And who is this Petraeus cardboard cut-out, anyhow, a guy who seems miraculously capable of exploding two dimensions out into the appearance of four? Let's ask his commanding officer, Admiral William Fallon, who apparently recently referred to Bush's 'Pet' as a "sycophant" and "an ass-kissing little chickenshit", later adding, "I hate people like that". So do we, Admiral Bill, so do we. And we're hoping against hope that maybe someone like you will show Colin Powell what he should have done by publicly telling the truth about what you know, and doing so while it still matters.

Or perhaps you and the good general have both learned what might be best described as the 'Shinseki lesson' about this administration. Which is that, regardless of the length or the achievements of you career, if you tell the truth you'll soon be home spending your weekdays with the wife, pruning the garden and puttering around the house with a remote control in one hand and a whiskey sour in the other, rather than commanding forces in the world's most powerful military as you quite recently did in your former career.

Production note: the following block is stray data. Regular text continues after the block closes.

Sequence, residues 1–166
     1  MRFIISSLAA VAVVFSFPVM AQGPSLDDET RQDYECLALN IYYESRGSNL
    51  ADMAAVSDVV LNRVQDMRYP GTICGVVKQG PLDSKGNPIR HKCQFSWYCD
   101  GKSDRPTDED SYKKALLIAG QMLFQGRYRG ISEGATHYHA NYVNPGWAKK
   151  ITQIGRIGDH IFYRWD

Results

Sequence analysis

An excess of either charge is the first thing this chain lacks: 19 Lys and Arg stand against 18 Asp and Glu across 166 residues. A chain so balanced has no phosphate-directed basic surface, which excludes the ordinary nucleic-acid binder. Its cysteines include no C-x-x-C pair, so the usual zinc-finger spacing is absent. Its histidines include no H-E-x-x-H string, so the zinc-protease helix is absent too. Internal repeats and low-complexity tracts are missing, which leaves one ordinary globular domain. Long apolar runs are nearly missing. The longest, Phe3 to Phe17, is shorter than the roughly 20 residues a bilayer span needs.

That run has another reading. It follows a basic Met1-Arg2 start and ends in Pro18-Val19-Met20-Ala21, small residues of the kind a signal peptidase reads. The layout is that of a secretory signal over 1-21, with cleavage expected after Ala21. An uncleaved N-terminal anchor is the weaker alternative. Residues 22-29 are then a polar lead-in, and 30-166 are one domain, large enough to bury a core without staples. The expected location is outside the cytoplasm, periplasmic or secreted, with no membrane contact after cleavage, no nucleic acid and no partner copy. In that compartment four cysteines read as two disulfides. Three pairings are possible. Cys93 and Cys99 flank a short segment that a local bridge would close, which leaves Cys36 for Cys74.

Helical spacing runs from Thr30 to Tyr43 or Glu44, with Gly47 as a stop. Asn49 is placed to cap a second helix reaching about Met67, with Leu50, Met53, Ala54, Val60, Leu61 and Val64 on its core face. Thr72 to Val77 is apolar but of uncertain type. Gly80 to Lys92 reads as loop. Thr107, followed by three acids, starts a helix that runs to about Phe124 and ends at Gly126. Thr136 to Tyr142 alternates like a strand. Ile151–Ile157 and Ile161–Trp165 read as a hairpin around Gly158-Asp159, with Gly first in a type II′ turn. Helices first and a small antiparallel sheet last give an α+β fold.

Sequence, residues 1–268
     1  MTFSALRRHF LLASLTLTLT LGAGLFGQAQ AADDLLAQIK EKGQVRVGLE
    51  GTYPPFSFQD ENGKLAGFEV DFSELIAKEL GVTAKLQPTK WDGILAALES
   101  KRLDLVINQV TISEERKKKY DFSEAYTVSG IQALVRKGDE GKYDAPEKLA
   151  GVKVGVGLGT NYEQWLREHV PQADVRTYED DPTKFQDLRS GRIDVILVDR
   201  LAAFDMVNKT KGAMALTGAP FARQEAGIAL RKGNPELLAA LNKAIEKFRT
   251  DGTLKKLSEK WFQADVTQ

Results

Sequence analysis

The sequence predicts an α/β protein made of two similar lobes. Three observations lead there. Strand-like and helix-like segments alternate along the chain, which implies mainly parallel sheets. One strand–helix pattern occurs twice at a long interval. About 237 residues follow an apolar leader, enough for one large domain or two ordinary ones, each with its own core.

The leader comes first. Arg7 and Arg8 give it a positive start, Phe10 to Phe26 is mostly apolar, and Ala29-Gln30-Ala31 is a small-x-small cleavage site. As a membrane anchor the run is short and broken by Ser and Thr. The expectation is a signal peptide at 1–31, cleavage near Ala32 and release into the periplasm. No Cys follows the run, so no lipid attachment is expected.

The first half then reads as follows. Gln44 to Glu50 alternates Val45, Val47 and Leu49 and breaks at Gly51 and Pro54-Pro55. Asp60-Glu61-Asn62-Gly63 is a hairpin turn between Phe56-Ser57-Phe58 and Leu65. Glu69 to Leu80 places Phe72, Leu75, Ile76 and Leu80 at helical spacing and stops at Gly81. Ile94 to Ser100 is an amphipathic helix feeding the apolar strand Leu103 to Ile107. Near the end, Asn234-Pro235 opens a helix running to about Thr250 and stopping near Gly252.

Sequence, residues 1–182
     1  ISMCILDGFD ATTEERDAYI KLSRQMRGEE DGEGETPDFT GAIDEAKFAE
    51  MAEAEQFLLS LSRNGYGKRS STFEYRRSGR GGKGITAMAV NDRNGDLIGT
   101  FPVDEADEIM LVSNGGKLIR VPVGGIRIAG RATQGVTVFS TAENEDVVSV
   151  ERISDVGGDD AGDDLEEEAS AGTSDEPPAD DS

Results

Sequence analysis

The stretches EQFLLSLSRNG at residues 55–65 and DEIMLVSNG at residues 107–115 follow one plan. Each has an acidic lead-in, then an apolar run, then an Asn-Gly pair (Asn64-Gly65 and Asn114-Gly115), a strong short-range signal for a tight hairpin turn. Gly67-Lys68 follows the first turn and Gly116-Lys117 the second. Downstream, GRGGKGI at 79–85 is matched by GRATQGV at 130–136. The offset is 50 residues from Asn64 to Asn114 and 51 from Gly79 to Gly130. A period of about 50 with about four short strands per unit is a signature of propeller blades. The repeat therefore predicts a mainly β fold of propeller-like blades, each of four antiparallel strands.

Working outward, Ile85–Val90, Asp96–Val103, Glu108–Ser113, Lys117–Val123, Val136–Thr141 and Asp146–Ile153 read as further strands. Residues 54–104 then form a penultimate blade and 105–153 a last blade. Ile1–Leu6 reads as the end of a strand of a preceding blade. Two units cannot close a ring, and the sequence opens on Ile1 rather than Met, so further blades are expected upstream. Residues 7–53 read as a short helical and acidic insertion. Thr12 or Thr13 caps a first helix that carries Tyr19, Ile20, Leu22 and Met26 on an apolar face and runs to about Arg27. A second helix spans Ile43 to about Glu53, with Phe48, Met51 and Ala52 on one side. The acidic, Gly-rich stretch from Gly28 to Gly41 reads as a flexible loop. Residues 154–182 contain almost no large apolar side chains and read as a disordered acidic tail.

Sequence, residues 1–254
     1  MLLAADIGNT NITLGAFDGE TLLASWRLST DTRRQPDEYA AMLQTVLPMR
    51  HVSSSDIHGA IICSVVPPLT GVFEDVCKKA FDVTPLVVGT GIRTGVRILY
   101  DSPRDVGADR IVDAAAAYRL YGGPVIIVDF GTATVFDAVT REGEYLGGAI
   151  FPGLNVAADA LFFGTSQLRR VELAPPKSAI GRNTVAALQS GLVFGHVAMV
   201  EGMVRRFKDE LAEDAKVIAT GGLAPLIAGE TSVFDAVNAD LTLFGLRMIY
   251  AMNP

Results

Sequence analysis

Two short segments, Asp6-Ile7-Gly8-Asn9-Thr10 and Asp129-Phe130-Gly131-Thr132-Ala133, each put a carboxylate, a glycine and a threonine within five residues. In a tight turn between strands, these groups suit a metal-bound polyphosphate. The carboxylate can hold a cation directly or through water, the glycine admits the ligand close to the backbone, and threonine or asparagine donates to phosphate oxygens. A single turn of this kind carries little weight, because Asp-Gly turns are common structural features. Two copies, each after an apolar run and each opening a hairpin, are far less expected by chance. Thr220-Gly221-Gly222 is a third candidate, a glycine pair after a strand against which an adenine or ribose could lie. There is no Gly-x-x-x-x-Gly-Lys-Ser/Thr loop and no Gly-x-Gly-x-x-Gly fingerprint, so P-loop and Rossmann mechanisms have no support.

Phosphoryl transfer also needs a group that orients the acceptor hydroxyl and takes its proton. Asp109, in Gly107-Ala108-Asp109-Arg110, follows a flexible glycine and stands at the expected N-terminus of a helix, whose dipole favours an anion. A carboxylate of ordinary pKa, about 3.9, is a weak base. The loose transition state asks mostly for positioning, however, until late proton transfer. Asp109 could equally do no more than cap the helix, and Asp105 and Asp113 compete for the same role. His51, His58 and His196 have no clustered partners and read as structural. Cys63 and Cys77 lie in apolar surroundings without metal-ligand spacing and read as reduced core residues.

Indeed - and what a shocking concept this will be to readers everywhere - not only do these greatest of sell-outs understand well how to play the game, they are only on the board at all because of that understanding. Given the well-established patterns of the nineteenth century atavistic throwbacks in this administration - the same people who hired and fired United States Attorneys on the basis of being "loyal Bushies" - would it be such a leap to imagine that Petraeus' singular qualification for his current assignment was the post-spinectomy gaping hole in his back which allows just enough room for Dick Cheney's hand to slip inside and grab the levers therein? Does anyone think that Bush and Cheney went on the hunt for the most effective military leader they could find - like Lincoln did when he kept firing his commanders until he found Grant - without regard to the guy's controllability factor? If you've learned anything at all about Bush and Cheney these last miserable years, you know that precisely the opposite is true. That the finest commanders in the world would be passed over, their careers shattered if necessary, in order to find the yessiest yes-man in the military, even if that meant grabbing some hapless supply sergeant cleaning his teeth while sitting behind a rusty desk on a forgotten base somewhere outside of Seoul. And that nobody even asked whether a guy like Petraeus knew the first damn thing about how to solve the monumental monstrosity that is Iraq.